An excerpt from an internet discussion. Interesting stuff. It is all someone else's opinion, but interesting, still the same.
I was a little negligent getting back to some of you with the reference for President Clark's address on when a prophet (and other general authorities) speaks authoritatively.
Clark, J. Reuben, Jr. "When Are Church Leaders' Words Entitled to Claim of Scripture?" _Church News_, (July 31, 1954), 9-11. It is a little hard for most of us to access since the Church News is not on CD ROM. You can also find a reprint in _Dialogue_ 12.2 (Summer 1979), 68ff.
In the meantime, I thought that you would find this excerpt from Elder Widtsoe interesting:
John A. Widtsoe, _Evidences and Reconciliations_, p.23639
"This is an old question. It was asked of the Prophet Joseph Smith and answered by him. He writes in his journal, "This morning . . . I visited with a brother and sister from Michigan, who thought that a prophet is always a prophet'; but I told them that a prophet is a prophet only when he was acting as such" (Joseph Smith, _History of the Church_, 5:265).
"That statement makes a clear distinction between official and unofficial actions and utterances of officers of the Church. In this recorded statement the Prophet Joseph Smith recognizes his special right and duty, as the President and Prophet of the Church, under the inspiration of the Lord, to speak authoritatively and officially for the enlightenment and guidance of the Church. But he claims also the right, as other men, to labor and rest, to work and play, to visit and discuss, to present his opinions and hear the opinion of others, to counsel and bless as a member of the Church.
"Whenever moved upon by the Spirit of the Lord, the man called to the Prophet's office assumes the prophetic mantle and speaks as a mouthpiece of the Lord. He may then interpret the word of God, apply it to the conditions of the day, governmental, social, or economic, warn against impending evil, point out the better way, bring to light new truth, or bless the righteous in their endeavors. Such inspired deliverances are binding upon all who believe that the latter-day work came and is directed by revelation. There is no appeal from them; no need for debate concerning their validity. They must either be accepted or be subjected to the dangers of private interpretation This has been made plain in modern revelation: "Wherefore, meaning the church, thou shalt give heed unto all his (Joseph's) words and commandments which he shall give unto you as he receiveth them, walking in all holiness before me;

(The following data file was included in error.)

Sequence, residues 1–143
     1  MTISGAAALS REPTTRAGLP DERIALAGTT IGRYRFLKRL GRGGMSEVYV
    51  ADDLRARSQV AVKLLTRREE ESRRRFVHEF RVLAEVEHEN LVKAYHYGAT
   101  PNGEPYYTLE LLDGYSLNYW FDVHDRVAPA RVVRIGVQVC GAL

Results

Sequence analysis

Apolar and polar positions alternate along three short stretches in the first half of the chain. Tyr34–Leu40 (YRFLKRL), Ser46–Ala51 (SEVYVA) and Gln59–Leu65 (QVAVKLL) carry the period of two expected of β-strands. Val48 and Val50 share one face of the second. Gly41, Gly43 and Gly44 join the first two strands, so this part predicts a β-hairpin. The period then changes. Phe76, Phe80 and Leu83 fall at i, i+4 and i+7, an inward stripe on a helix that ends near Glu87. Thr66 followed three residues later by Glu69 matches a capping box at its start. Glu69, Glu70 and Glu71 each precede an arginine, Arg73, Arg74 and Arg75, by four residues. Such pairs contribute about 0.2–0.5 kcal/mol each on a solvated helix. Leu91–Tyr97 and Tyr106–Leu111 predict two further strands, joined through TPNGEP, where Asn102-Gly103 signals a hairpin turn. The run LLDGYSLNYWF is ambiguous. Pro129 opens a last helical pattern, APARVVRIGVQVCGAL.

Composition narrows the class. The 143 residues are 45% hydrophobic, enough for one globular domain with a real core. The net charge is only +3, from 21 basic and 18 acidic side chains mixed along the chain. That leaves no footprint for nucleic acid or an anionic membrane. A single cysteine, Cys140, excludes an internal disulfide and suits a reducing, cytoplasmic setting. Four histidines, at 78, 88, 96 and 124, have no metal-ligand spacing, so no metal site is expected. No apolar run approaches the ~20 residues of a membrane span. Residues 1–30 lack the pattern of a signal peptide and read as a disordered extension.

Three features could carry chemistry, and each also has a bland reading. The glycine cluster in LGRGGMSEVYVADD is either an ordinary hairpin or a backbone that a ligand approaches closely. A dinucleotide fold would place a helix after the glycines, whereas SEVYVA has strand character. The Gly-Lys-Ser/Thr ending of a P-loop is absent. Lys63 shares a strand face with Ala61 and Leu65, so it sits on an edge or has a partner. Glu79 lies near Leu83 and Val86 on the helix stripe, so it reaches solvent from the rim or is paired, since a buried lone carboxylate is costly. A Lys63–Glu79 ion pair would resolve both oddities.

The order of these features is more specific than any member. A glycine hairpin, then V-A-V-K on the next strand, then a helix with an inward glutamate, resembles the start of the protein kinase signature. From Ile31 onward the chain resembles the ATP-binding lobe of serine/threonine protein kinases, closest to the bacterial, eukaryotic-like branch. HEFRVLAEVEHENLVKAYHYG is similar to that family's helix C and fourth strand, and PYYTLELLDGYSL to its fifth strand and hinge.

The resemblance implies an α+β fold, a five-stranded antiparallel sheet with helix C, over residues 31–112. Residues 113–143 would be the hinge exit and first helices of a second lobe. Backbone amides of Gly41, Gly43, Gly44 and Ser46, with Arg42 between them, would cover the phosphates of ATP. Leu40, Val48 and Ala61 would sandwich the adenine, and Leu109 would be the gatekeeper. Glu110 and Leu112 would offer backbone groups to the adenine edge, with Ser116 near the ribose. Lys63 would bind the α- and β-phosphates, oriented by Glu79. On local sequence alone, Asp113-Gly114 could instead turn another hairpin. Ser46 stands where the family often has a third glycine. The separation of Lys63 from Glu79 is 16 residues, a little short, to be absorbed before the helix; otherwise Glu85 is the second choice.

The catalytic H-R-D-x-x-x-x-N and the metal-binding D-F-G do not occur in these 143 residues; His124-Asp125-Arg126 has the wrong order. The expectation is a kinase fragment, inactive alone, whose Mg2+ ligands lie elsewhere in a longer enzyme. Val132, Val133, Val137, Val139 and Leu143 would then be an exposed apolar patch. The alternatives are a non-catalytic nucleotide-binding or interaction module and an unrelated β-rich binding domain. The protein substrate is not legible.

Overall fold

"'For his word ye shall receive, as if from mine own mouth, in all patience and faith' (D. & C. 21:4, 5). In this commandment there is no limitation upon the prophet, as to subject, time, or place.
"Such official prophetic utterances to the Church are usually made in the great general conferences of the Church, or in signed statements circulated among the people. The phrase "Thus sayeth the Lord" may at times be used; but is not necessary. When the prophet speaks to the people in an official gathering or over his signature, he speaks as the Lord directs him. If a new doctrine or practice be involved in the revelation, it is presented to the people for acceptance, in recognition of the free agency of the Church itself, but once accepted, it is thereafter binding upon every member.
"Though the prophet may step out of his official role in dealing with the daily affairs of life, he can never divest himself of the spirit and influence which belong to the sacred office which the Lord has placed upon him. . . .
". . . How may the rank and file of the Church recognize the prophetic voice, whether official or unofficial, when it speaks? The answer is simple enough. A person who is in harmony in his life, in thought and practice, with the gospel and its requirements, who loves truth so well that he is willing to surrender to it, will recognize a message from the Lord. My sheep know my voice, said the Savior in the Meridian of Time. In this day, the Lord has given the key for our guidance."
Notice the emphasis on speaking in conference or in a letter/statement over his signature. Now whether this applies ONLY to the president of the Church or to the 15 men we currently sustain as prophets, seers, and revelators (poor Patriarch to the Church . . . but that is another story, for part of which you can see Bates and Smith, _Lost Legacy: The Mormon Office of Presiding Patriarch_), is another issue.
[More Internet Excerpts]
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